Ahmed Ali Moosa, Petitioner, v. Immigration and Naturalization Service, Respondent., 760 F.2d 715 (6th Cir. 1985)
Eugenia Hauber, argued, Cincinnati, Ohio, for petitioner.I.N.S., Cincinnati, Ohio, Thomas W. Hussey, Robert Kendall, Jr., argued, Office of Immigration Litigation, Criminal Div., Washington, D.C., Christopher Barnes, U.S. Atty., Nicholas Pantel, Asst. U.S. Atty., Cincinnati, Ohio, for respondent.Before MERRITT, Circuit Judge, and PHILLIPS and PECK, Senior Circuit Judges.PHILLIPS, Senior Circuit Judge.This case is before the Court on the petition of Ahmed Ali Moosa, a 32 year old male, a native and citizen of Iraq, to review an order of the Board of Immigration Appeals dated February 3, 1984. The Board denied petitioner's motion to reopen deportation proceedings for reconsideration of the decision of the Board dated November 18, 1982. The earlier decision denied petitioner's renewed application for asylum or withholding of deportation pursuant to 8 U.S.C. Secs. 1158 and 1253(h).* Petitioner first entered the United States as an exchange visitor/student on July 25, 1977. He returned to his native Iraq to visit his family for ten days in 1979 and re-entered the United States as a J-1 exchange visitor/student on September 15, 1979 pursuant to 8 U.S.C. Sec. 1101(a)(15)(J). He was authorized by the Immigration and Naturalization Service (Service) to remain in the United States until December 29, 1980.On October 16, 1980, before the expiration of his authorized stay in the United States, petitioner filed an application for asylum, alleging that he would be persecuted if he were to return to Iraq. The District Director denied the asylum application on January 26, 1981.On September 23, 1981 the Service issued petitioner an Order to Show Cause and Notice of Hearing. This Order charged that petitioner was subject to deportation because he had remained in the United States for a longer time than permitted. Petitioner, through counsel, admitted these factual allegations. Petitioner renewed his request for political asylum and withholding of deportation. The applications and numerous documents, articles, Amnesty International Reports and other publications were submitted.Petitioner testified that if he should return to Iraq, he feared for his freedom because of his religious belief as a Shiite Muslim and persecution for refusing to join the Baath Party. He averred that his uncle and three brothers had been imprisoned by the Baath Party and that five of his friends had been executed. Petitioner claimed that one of his brothers now is partially paralyzed as a result of beatings he received during imprisonment.Petitioner admitted that he had not witnessed and had no personal knowledge of any of these alleged incidents or circumstances and that his assertions were based solely on a letter from his sister. Except for a translation of his sister's letter, petitioner offered no witnesses or documents to corroborate the events upon which he based his claim. He admitted that when he visited his family in Iraq for ten days in 1979, he did not encounter any problems from the government or the Baath Party.Petitioner testified that he is majoring in nuclear engineering in the United States, has received a Master's degree from the University of Cincinnati and is doing doctoral studies there. The Iraqi government is paying for his education in the United States and was supporting him even at the time of his immigration proceedings.In response to cross-examination by the Service attorney and questions by the immigration judge, petitioner stated that he had never opposed the Iraqi government. At no time did he claim he had been mistreated or threatened with mistreatment.In a written decision dated December 7, 1981, the immigration judge found petitioner to be deportable on the overstay charge and held that petitioner had failed to demonstrate a clear probability of persecution or loss of life if he were returned to Iraq. The court stressed that petitioner was provided financial support by the Iraqi government, had not demonstrated against or voiced opposition to that government and had cooperated with the government to receive funds to complete his education. The immigration judge denied petitioner's application for asylum and withholding of deportation.In rejecting the documentary materials submitted by petitioner, the immigration judge stated:The material submitted by the respondent, in pertinent part, contains affidavits signed by himself, media articles from various publications, magazines, and newspaper and several Amnesty International Reports. It is to be noted that the media publications referred to in the various exhibits fail to contain any specific reference to the respondent or any member of his family. Primarily, the historical references are generalized information and data and describe what happened on certain dates to the parties involved and in some cases represent only the opinions of the authors who prepared the material.Petitioner was granted thirty days in which to depart voluntarily in lieu of enforcement by the Service of the order of deportation.On December 28, 1981, petitioner perfected an appeal to the Board of Immigration Appeals (Board). By a decision dated November 18, 1982, the Board dismissed petitioner's appeal, stating:The Notice of Appeal (Form I-290) merely states that the immigration judge erred because respondent fears persecution in Iraq. He requested until February 11, 1982, to submit a brief, but has failed to do so.The only evidence of particularized persecution offered merely evidences the political upheaval in the respondent's homeland which affects the population as a whole and is insufficient for asylum and section 243(h) relief. [citation omitted] He claims that he will be persecuted because of his Shiite Muslim religion and submitted extensive evidence regarding the Iraqi Baath Party's persecution of its opponents. Yet, he has never participated in any overt anti-government activities, nor has he ever been singled out by the government as an opponent. Rather, it appears that the respondent merely prefers the career opportunities available in this country as an engineer.The Board granted petitioner permission to depart the United States voluntarily within thirty days of its order.In denying petitioner's motion to reopen his deportation proceedings, the Board noted that in its prior decision of November 18, 1982, the petitioner's claim of persecution had been considered and the Board concluded that he had not established a well-founded fear of persecution; and that petitioner's belated brief, which now is a part of the record, presented nothing that would warrant a change in the Board's prior conclusion.Petitioner filed another motion to reopen proceedings on February 27, 1984 based on his recent marriage to a United States citizen, seeking an adjustment in his status to that of a lawful permanent resident. The Board denied this motion on April 3, 1984, finding that petitioner is ineligible to adjust his status because he could not obtain a waiver of the two year foreign residence requirement under 8 U.S.C. Sec. 1182(e). Section 1182(e) provides that an alien student under section 1101(a)(15)(J) shall not be eligible for permanent residence unless he lives in the country of his origin for two years after his departure from the United States. This requirement is subject to waiver by the Director of the United States Information Agency in cases where departure would cause exceptional hardship on the alien's spouse who is a citizen of the United States. The Board noted that jurisdiction to review petitioner's application for waiver under this section lies exclusively with the District Director and denied his motion to reopen proceedings.IIPetitioner argues that the Board and immigration judge applied an incorrect standard in concluding that he had not established a "clear probability" of persecution. He relies upon the decision of this Court in Reyes v. INS, 693 F.2d 597 (6th Cir.1982), in which we held that "clear probability" is too strict a standard. The decision of this Court in Reyes followed the opinion of the Second Circuit in Stevic v. Sava, 678 F.2d 401 (2d Cir.1982). This Court wrote as follows, including a quotation from the Second Circuit:It is important to note that there were substantial changes in the Immigration Act since Cheng Kai had been decided. In fact, the Second Circuit has suggested that the "clear probability" test is inconsistent with the tenor and spirit, if not the language, of the new provisions. In Stevic v. Sava, 678 F.2d 401 (2d Cir.1982), the Second Circuit wrote:Both the text and history of that document [the new Act] strongly suggest that asylum may be granted, and under Section 243(h), deportation must be withheld, upon a showing far short of a "clear probability" that the individual will be singled out for persecution. Id. at 409 (emphasis added).Since the Board applied the more stringent clear-probability test, the holding cannot stand.693 F.2d at 599In INS v. Stevic, --- U.S. ----, 104 S.Ct. 2489, 81 L.Ed.2d 321 (1984), the Supreme Court reversed the Second Circuit, and held that an alien, seeking withholding of deportation under 8 U.S.C. Sec. 1253(h) on the basis that he will be subject to persecution in the country to which he would be deported, must establish "a clear probability of persecution" to avoid deportation. The Court held that the Refugee Act of 1980, Pub.L. 96-212, and its amendment to 8 U.S.C. Sec. 1253, did not change the well-established clear probability rule in cases seeking withholding of deportation. The Supreme Court indicated that it also disagreed with the decision of this Court in Reyes. See --- U.S. ---- n. 4, 104 S.Ct. at 2492 n. 4.After the decision of the Supreme Court in Stevic, this Court granted the motion of the Service to reconsider its decision in Reyes, vacated that decision, and affirmed the decision of the Board of Immigration Appeals. Reyes v. I.N.S., 747 F.2d 1045 (6th Cir.1984).In Youkhanna v. I.N.S., 749 F.2d 360 (6th Cir.1984), this Court applied the clear probability of persecution standard to an application for withholding of deportation. With respect to an application for asylum under 8 U.S.C. Sec. 1158, this Court wrote:The "clear probability" standard applies only to petitioners' section 243 applications for withholding of deportation. Petitioners' appeal of the denial of their request for asylum requires separate analysis. Under section 208 of the Act, 8 U.S.C. Sec. 1158, an alien "may be granted asylum in the discretion of the Attorney General if the Attorney General determines that such alien is a refugee within the meaning of section 1101(a)(42)(A) of this title." Under section 1101, a refugee is defined as one who has "a well-founded fear of persecution."In Stevic, supra, the Supreme Court expressly declined to decide on the meaning of the phrase, "well-founded fear of persecution," --- U.S. ----, 104 S.Ct. at 2501, but did "assume ... that the well-founded-fear standard is more generous than the clear-probability-of-persecution standard." Id., --- U.S. at ----, 104 S.Ct. at 2498. However, the applicant must still "present specific facts through objective evidence if possible, or through his or her own persuasive, credible testimony, showing actual persecution or detailing some other good reason to fear persecution on one of the specified grounds." Carvajal-Munoz v. INS, 743 F.2d 562 (7th Cir.1984) (original emphasis).749 F.2d at 362.In Youkhanna this Court proceeded to hold that the petitioner had failed to present specific evidence satisfying the standard of "well-founded fear of persecution" and affirmed the decision of the Board in denying the application for asylum.See also Dally v. I.N.S., 744 F.2d 1191, 1196 (6th Cir.1984), applying the clear probability standard to a request for asylum made after the institution of deportation proceedings. In footnote 6 the Court wrote:This appeal, as did Stevic, does not involve review of the petitioners' application for asylum. As we noted, requests for asylum made after the institution of deportation proceedings "shall also be considered as requests for withholding exclusion or deportation pursuant to section 243(h) of the Act." 8 C.F.R. Sec. 208.3(b) (1983). Because all of the petitioners requested renewal of their asylum applications at their deportation hearings, those requests must also be judged under the "clear probability" standard applicable for requests pursuant to section 243(h).Petitioner has produced many documents, but no specific evidence that he would be singled out for persecution. The translation of the purported letter from his sister upon which petitioner relies neither suggested nor substantiated any specific danger of potential persecution of petitioner. The translation of the sister's letter, dated October 1, 1980, is quoted in the footnote.1In Youkhanna v. I.N.S. this Court wrote:Petitioners have failed to establish a clear probability of persecution. Their briefs and appendices contain numerous general descriptions of the lamentable religious and political conflicts in Iraq. However, "something more than newspaper articles and pamphlets are necessary to show that the Board has abused its discretion in denying a petitioner's request for the withholding of deportation." Dally v. INS, 744 F.2d 1191 at 1197 (6th Cir.1984). Rather, "[s]ome type of specific evidence that an individual would actually be singled out for persecution must be produced." Id. at 1196.749 F.2d at 361.We emphasize that the present case involves denial by the Board of a motion to re-open a former decision on an application for asylum and withholding of deportation. This action of the Board will not be set aside absent a clear showing of abuse of discretion. Youkhanna, supra, 749 F.2d 360, 361 (6th Cir.1984); Williams v. Sahli, 292 F.2d 249 (6th Cir.1961), cert. denied, 368 U.S. 977, 82 S.Ct. 482, 7 L.Ed.2d 439 (1962).We conclude that petitioner has failed to establish a clear probability of persecution in support of his claim for withholding of deportation or a well-founded fear of persecution in support of his application for asylum.The decision of the Board of Immigration Appeals is affirmed.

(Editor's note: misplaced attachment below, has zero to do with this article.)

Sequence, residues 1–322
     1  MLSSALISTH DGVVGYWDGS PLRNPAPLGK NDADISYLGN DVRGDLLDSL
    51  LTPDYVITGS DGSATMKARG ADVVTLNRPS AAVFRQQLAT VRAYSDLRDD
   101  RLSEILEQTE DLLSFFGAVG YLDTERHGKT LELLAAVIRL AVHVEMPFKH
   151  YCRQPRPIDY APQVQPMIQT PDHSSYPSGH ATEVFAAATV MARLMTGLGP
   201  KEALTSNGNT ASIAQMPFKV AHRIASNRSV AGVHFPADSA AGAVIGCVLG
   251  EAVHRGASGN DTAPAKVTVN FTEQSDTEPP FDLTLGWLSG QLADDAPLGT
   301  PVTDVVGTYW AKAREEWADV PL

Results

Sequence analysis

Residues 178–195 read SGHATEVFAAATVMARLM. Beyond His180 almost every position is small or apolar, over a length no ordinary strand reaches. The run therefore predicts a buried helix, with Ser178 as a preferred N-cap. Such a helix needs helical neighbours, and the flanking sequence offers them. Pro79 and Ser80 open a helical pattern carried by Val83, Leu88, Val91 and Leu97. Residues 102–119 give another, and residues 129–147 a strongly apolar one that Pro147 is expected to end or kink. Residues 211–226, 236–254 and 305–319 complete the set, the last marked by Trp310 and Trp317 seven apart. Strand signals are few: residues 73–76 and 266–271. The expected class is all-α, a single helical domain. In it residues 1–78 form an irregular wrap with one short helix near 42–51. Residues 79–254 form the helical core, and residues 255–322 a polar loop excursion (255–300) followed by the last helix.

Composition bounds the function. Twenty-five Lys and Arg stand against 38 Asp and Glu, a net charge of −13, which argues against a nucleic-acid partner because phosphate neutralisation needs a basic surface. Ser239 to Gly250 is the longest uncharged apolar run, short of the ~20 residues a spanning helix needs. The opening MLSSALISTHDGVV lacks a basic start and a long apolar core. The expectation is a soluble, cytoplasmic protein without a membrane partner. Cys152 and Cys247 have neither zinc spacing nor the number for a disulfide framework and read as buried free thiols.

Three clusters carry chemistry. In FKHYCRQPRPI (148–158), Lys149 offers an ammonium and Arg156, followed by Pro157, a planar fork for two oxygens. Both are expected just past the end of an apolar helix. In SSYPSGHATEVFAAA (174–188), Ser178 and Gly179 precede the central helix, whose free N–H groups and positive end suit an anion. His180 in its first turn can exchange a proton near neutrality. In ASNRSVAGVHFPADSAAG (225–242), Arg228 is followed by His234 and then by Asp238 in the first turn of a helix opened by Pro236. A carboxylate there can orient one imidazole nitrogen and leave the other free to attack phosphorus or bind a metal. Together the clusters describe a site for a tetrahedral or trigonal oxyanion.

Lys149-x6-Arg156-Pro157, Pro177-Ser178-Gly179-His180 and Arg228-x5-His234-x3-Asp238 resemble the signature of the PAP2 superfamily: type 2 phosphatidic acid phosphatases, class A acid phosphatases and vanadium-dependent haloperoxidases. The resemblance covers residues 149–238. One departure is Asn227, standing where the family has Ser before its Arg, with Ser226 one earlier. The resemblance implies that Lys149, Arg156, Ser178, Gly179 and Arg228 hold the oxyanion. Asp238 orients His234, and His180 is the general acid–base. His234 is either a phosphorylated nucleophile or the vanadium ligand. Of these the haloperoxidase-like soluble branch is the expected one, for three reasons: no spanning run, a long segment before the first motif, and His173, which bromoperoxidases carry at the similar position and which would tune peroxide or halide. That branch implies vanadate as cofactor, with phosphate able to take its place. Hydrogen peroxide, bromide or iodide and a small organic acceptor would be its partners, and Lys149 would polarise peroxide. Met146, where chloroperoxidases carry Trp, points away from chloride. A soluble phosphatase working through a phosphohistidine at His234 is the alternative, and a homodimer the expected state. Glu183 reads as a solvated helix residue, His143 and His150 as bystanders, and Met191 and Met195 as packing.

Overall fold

1 You should understand the following statement in a good way: The reason Adil stayed in the hospital (prison) was because he fell down at the University (place inside prison for interrogation). But, he is fine now and thanks God. His face is white because he did not see the sun while he was in the hospital. Adil is gaining weightMy dear brother, Ahmed, don't think of us, all of us are well. Your cousin, Abo Jawad, is greeting you and so do his parents. Your brother, Adil, is greeting you with special greetings and he insists on me to repeat the first two main recommendations because you know that very good, my dear brother.Please do not worry.As far as your $100 Iraqi dinner that you asked me about, I went to Alrafidane Bank and they complicated the story. But, when our brother, Adil, went to the Bank again every thing was alright. You will receive the money soon, if God wills. Whatever you need, we will send to you.My dear brother, please, I want you to buy me something for cake decorations and sunglasses of beige color, middle-size, and round. If it is too expensive, then do not buy it.Your sister,Karima Ali MoosaSignedNote: The terms "hospital" means "prison", and "university" means "interrogation center".